for confidentiality reasons tell anyone how individual companies
have been classified.
The reports, therefore, offer only a partial and potentially
misleading picture of actual positioning at any one time,
amplified by the fact that there is no other data-set for
The LME itself concedes such intrinsic flaws.
"The market is asked to note that the COTR will be
materially affected by the classification of certain large
market users, whose activities arguably fall into multiple
THE NETTING EFFECT
Then, there are specific problems with the nature of the LME
market, which overlays a much larger over-the-counter
Order flows are often netted off against each before hitting
As the exchange also concedes, this will "inevitably result
in the published COTR data reflecting only a subset of the total
activity conducted within the LME ecosystem."
Imagine, for example, a bank member of the LME receiving a
buy and a sell order from a producer and manufacturer
respectively. It will offset the two and hedge only the net
balance position in the market. If it does that with another
bank, it will look like a bank-to-bank "financial" transaction
with no reference to the industrial origins of the order.
There is a real danger that what the LME calls the resulting
"subset" of activity will overweight "financial" as opposed to
This has been a major restraint on the LME going down the
COTR route in the past.
Indeed, the LME in its public consultation document on its
warehousing problems rather pointedly noted the "potentially
cynical rationale" behind the push for a COTR.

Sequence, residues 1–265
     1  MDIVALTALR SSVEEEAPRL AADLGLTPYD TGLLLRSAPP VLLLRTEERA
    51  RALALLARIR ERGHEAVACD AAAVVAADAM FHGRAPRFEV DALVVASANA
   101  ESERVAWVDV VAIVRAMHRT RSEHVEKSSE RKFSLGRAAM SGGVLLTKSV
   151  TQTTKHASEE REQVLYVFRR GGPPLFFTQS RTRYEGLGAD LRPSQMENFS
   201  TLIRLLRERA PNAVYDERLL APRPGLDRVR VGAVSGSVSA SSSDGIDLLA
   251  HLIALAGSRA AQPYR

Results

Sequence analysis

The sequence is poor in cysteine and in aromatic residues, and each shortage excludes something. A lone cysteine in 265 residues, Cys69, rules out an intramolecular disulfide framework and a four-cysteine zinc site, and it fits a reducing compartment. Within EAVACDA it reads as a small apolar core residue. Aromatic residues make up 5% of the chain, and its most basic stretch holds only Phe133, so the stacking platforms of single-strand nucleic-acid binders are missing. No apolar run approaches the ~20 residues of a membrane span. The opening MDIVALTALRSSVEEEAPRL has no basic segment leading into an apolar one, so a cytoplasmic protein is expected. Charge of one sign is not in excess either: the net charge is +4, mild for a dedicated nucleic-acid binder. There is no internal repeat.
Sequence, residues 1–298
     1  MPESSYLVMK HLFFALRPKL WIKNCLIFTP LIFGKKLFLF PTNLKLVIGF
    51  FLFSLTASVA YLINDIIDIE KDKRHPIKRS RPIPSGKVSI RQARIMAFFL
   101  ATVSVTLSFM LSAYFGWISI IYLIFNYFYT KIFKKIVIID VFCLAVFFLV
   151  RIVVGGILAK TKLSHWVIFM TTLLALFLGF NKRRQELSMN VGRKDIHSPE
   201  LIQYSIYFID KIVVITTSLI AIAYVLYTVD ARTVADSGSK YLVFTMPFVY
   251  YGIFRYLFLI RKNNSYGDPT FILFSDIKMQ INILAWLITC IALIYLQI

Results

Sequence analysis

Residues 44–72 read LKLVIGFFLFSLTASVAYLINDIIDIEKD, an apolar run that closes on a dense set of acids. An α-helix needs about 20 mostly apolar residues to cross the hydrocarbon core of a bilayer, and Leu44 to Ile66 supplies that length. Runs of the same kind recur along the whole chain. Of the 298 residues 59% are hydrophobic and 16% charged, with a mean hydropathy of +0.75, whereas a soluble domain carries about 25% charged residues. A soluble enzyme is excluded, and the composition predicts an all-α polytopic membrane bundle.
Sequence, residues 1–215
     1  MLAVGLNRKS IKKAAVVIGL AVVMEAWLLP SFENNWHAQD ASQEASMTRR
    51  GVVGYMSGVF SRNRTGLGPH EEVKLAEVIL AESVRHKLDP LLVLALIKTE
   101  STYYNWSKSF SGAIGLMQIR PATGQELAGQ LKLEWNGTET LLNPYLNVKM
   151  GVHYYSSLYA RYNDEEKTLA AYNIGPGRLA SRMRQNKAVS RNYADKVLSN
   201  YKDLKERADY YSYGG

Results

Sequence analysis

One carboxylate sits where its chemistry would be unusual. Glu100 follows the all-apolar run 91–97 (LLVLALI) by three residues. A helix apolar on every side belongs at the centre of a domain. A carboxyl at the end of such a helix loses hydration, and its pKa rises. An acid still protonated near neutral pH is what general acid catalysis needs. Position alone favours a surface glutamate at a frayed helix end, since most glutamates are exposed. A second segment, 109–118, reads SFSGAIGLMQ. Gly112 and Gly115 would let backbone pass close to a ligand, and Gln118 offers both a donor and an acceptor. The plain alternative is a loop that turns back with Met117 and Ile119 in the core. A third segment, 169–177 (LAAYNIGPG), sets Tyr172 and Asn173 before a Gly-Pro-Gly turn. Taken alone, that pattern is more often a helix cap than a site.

"It is interesting to note that merchants, investment banks
and funds will feature prominently in any market open interest
"Both producers and consumers (whose views on the proposal
are otherwise strongly divergent) feel that this information
would be strategically useful, as it will allow them to point to
the role of 'middle-men' and speculators in the market as an
explanation to their stakeholders for price movements which have
adversely affected their businesses."
It even conceded that "the information will undoubtedly be
used by market participants to level further criticism at the
LME" for allowing too much "speculation".
But it's going to publish a COTR anyway.
It's an easy box-ticking exercise to assuage an industrial
user base that feels increasingly disenfranchised by the
financialisation of "its" market, a simmering resentment that
was brought to a head by the problem of queues, caused in major
part by financial players involved in the stocks financing
And to be fair to the LME, a COTR is only one of several
proposals to shed more light on the nature of the exchange's
activity. It will, for example, also be publishing a monthly
report showing warehouse stocks by operator, rather than simply
by location, and detailing load-out queuing times at affected
And transparency, we're all agreed, is, in capital letters,
A Very Good Thing.
Just don't expect too much of it from the proposed LME
commitment of traders report.
(Editing by William Hardy)